Industrial and environmental chemist Ellen Swallow Richards was a pioneer in sanitary engineering and domestic science.
The first American woman with a chemistry degree
Ellen Henrietta Swallow was born on 3 December 1842 in Dunstable, Massachusetts, to Peter Swallow and Fanny Gould Taylor. Her parents, both former teachers, taught her at home until, at the age of 17 years, she joined Westford Academy, where she studied mathematics, composition, Latin, French and German, graduating in 1862.
After a brief spell as a school teacher following a debilitating period of ill health, Ellen joined Vassar College as a special student in 1868 and was promoted to the senior class a year later. Here she was greatly influenced by Prof Charles S Farrar, head of the Department of Natural Sciences and Mathematics, who believed that science should be applied to everyday household situations. She was also inspired by Maria Mitchell, professor of astronomy and an activist for the advancement of women in science. Ellen graduated from Vassar College with a Bachelor’s degree in chemistry in 1870 – the first American woman to do so.
As a woman, Ellen struggled to find work as an industrial chemist, but she applied to Massachusetts Institute of Technology (MIT) at the suggestion of a prospective employer. After much discussion, the faculty decided to admit Ellen as a special student in chemistry in 1870 – another first for a woman – in order to determine women’s ability in the sciences. At MIT, Ellen studied chemistry under Prof William R Nichols, an authority on sanitation, particularly water purification. When Prof Robert Hallowell Richards, chairman of the Mine Engineering Department at MIT, realised that she could easily read the foreign-language papers so common at that time, he enlisted her help and they worked closely together. She was consequently elected to membership in the American Institute of Mining Engineers, one of only two women to be recognised in this way. In 1873, Ellen received her BSc degree from MIT, as well as a Master of Arts degree from Vassar College. Upon graduation, Prof Nichols offered her a position as a laboratory assistant in the chemistry laboratory at MIT, so she continued her studies. She did however, miss out on MIT’s first doctoral degree, which the institute refused to award to a woman.
A leader in her field
Ellen was a consulting chemist for the Massachusetts State Board of Health from 1872 to 1875, when she married Prof Richards. Married women then were expected to leave education and employment, but her new husband supported her continued association with MIT, where she volunteered and contributed annual grants to create programmes for female students. The couple set up a laboratory in their home in the Jamaica Plain neighbourhood of Boston, Massachusetts, to develop their theories on home efficiency. Ellen became a leader in this field, conceiving and directing the Lake Placid Conference on Home Economics, developing standards for training professionals and serving as the first president of the American Home Economics Association, whose Journal of Health Economics she founded and funded.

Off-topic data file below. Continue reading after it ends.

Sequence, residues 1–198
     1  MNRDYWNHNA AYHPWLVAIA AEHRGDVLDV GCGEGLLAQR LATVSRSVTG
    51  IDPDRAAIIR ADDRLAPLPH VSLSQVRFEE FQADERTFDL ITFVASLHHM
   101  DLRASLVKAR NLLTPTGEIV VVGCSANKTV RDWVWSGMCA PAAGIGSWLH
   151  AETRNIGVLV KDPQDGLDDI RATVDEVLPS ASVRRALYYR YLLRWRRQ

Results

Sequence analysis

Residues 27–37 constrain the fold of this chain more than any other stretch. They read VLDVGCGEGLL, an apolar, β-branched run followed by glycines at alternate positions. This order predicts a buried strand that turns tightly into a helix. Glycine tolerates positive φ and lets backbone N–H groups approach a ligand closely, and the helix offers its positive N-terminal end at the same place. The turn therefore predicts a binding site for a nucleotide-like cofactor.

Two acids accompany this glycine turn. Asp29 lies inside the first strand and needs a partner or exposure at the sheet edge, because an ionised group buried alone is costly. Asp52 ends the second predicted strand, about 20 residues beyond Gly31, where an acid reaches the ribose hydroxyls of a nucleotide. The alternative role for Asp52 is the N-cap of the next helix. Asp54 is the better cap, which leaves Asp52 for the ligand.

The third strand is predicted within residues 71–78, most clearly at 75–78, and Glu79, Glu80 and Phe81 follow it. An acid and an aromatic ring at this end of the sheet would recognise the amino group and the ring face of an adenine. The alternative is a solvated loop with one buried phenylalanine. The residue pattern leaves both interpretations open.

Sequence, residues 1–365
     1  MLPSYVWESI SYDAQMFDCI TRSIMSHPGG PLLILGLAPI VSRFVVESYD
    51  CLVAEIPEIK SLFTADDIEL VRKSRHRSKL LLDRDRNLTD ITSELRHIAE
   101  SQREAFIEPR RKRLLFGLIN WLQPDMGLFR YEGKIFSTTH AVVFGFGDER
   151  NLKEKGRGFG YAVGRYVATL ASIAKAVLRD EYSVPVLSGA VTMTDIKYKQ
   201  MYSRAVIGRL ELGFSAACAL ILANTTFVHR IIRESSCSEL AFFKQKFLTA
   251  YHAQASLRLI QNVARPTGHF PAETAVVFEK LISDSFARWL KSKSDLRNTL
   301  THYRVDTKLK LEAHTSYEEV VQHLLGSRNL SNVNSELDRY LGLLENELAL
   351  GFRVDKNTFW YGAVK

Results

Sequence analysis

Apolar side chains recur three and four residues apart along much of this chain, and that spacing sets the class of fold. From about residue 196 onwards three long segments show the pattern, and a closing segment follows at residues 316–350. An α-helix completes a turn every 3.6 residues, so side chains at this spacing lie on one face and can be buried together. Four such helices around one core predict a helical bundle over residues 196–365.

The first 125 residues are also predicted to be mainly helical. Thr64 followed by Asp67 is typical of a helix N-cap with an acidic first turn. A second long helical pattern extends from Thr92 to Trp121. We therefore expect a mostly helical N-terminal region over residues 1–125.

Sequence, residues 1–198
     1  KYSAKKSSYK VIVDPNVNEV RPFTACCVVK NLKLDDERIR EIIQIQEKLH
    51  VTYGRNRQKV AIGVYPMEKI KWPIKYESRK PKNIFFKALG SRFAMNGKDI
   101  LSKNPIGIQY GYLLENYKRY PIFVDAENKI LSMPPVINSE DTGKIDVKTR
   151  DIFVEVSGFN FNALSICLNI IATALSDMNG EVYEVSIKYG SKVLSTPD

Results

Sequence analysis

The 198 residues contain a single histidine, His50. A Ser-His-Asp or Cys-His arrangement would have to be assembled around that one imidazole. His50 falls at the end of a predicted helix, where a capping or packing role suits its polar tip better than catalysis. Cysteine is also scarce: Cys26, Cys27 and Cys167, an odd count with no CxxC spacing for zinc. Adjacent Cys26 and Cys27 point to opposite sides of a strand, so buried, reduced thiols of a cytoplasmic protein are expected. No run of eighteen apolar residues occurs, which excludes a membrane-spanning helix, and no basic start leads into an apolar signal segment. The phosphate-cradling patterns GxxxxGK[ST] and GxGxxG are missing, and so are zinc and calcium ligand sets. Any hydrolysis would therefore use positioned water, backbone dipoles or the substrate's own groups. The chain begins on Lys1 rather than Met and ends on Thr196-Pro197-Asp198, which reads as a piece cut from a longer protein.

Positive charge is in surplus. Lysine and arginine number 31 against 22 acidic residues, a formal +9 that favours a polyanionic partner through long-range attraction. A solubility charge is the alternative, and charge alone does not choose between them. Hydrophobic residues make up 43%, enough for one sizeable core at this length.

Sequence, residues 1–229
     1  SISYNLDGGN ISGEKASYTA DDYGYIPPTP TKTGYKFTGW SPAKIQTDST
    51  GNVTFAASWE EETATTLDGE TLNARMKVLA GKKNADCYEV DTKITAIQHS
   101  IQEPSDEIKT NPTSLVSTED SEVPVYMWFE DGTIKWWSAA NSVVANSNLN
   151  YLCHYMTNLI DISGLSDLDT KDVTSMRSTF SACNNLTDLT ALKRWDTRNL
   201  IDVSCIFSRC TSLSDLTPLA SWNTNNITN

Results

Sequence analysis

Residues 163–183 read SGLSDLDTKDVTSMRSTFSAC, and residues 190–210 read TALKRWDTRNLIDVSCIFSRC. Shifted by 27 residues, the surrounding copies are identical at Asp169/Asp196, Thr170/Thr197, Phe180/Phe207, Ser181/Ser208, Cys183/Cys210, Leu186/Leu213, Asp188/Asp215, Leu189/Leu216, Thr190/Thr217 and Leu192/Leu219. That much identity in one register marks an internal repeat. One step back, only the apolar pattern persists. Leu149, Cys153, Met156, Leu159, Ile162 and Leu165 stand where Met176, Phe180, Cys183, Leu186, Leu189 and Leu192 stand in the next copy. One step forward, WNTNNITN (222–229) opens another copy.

Over the years, Ellen worked in a variety of roles, including: volunteer assistant instructor in chemical analysis, industrial chemistry, mineralogy, and applied biology; the first female instructor in sanitary chemistry at MIT; instructor in sanitary chemistry at Lawrence Experiment Station (a position she held until her death); and the Commonwealth’s official water analyst. Her work in a landmark survey of samples from inland bodies of water in Massachusetts led to the development of the first water-quality standards and municipal sewage-treatment plant in the US.
Ellen published numerous books on her favoured interests, including The chemistry of cooking and cleaning: a manual for housekeepers; Food materials and their adulteration and Air, water, and food from a sanitary standpoint (with AG Woodman).
Paving the way for women in science
Ellen also worked hard to advocate for the education of women and the role of women in science. She obtained funding from the Woman's Education Association of Boston for equipment and books to be used at a new women's laboratory at MIT, and she developed a science department for the Society to Encourage Studies at Home. In 1882, along with Marion Talbot, she founded the Association of Collegiate Alumnae, which later became the American Association of University Women.
Ellen died of heart disease on 30 March 1911, aged 68 years, just months after Smith College conferred on her the honorary degree Doctor of Science. Her influence is still recognised today, as she was included in the American National Women’s Hall of Fame in 1993 and was ranked eighth in the 2011 top 150 innovators arising from MIT, based on her work to improve diet and water quality. To this day, the Ellen Swallow Richards Professorship at MIT, set up on the 100th anniversary of her graduation from the institute, recognises distinguished female members of the faculty.
Words by Sarah-Jane Cousins
Images courtesy of MIT Museum
Published June 2015